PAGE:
Imperial War Museum Image of Social Interpretation Blog title

Planning with multicolured post-it notes (and cakes)

One of the key aims of the Social Interpretation project is to create a system using social media models which encourages people to respond to IWM’s themes and collections through several forms of digital interaction and participation both in the gallery, via mobile and online. But in order to do this, we need to know what potential users, require, expect and actually want to use. This is where UCL Centre for Digital Humanities (UCLDH) comes in.

UCLDH will be focusing on front-end, formative and summative evaluation as well as user-insight using user centred design methods. User-centered design (UCD) focuses on users through the planning, design and development of a product or system.  It puts users at the centre, ideally where users should always be.  Right from the beginning of the project we have explicitly and actively included users in the development process of the project. We will be looking closely at the needs and activities of potential users so that they can inform the process of designing a new Social Interpretation system and three interfaces.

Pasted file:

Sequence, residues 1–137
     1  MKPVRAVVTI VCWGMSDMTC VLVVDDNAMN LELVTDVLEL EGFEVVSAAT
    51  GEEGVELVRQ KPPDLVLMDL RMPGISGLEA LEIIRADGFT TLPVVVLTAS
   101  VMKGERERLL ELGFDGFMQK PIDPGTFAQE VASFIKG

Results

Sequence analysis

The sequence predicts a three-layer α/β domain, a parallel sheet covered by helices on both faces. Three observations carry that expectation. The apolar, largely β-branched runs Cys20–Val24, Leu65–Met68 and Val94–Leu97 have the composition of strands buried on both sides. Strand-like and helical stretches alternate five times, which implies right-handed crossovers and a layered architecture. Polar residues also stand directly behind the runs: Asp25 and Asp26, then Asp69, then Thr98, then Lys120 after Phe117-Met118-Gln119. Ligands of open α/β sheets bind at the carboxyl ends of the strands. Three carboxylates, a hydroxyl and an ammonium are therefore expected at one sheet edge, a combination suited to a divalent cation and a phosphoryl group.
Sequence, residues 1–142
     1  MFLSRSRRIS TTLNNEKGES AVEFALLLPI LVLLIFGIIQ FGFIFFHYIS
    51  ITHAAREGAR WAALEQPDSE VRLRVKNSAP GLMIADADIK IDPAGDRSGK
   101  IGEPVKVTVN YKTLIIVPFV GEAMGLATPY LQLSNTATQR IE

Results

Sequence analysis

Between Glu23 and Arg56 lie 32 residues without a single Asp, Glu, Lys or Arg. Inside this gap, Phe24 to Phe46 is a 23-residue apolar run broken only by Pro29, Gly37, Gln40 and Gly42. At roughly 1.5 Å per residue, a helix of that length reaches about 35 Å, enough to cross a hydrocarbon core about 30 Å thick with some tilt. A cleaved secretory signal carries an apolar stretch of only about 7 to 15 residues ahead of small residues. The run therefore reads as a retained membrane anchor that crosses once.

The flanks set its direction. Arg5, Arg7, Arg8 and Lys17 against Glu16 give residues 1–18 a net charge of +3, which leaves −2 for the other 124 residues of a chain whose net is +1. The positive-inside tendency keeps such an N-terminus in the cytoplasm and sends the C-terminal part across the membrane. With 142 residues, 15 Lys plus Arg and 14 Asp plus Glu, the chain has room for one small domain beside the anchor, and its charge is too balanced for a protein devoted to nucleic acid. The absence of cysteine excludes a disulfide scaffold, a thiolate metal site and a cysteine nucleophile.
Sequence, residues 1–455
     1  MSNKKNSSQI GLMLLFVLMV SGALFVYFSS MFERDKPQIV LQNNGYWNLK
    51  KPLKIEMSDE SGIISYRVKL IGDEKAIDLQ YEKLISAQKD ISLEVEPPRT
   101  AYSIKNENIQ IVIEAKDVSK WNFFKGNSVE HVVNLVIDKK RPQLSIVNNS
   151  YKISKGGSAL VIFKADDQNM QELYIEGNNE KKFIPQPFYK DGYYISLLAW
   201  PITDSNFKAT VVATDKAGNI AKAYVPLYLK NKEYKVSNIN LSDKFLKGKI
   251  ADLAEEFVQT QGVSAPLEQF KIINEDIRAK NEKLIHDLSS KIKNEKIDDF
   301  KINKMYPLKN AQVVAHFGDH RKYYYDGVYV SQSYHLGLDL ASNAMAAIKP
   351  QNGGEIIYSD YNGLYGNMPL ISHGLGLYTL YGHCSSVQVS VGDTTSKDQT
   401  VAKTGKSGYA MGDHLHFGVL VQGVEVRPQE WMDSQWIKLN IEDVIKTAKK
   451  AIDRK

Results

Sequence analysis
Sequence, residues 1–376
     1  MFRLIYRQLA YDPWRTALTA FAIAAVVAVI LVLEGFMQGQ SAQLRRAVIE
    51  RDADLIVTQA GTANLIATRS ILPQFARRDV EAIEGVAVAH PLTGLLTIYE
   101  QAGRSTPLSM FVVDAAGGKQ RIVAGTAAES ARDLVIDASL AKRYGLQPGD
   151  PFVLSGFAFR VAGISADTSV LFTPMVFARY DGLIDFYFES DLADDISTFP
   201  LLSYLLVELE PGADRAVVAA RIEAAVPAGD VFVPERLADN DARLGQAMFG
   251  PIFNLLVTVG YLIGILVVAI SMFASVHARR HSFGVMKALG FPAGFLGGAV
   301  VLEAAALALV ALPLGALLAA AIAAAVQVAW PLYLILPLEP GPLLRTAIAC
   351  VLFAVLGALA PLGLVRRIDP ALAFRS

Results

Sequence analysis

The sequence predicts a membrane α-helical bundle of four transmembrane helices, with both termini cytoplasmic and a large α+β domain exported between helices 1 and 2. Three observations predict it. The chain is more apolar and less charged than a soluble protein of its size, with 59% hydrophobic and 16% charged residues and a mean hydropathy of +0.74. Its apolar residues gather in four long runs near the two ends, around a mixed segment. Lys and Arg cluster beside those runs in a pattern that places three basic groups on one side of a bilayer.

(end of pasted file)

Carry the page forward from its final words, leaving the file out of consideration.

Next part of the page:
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Squander Bug rifle target

Squander Bug (a cartoon character to persuade people to avoid waste) air rifle target, 1940s

Hello and welcome to the Social Interpretation blog.

Over the next year, the Social Intpretation team will be regularly posting our progress, experiences, success and, critically, failures in trying to integrate social media models into museums’ outputs. We hope that this will prove an invaluable resource for others planning on developing and integrating the types of technology we’re investigating. However, I’ve obviously not explained what we’re actually up to yet. That’s what the rest of this post is really about.

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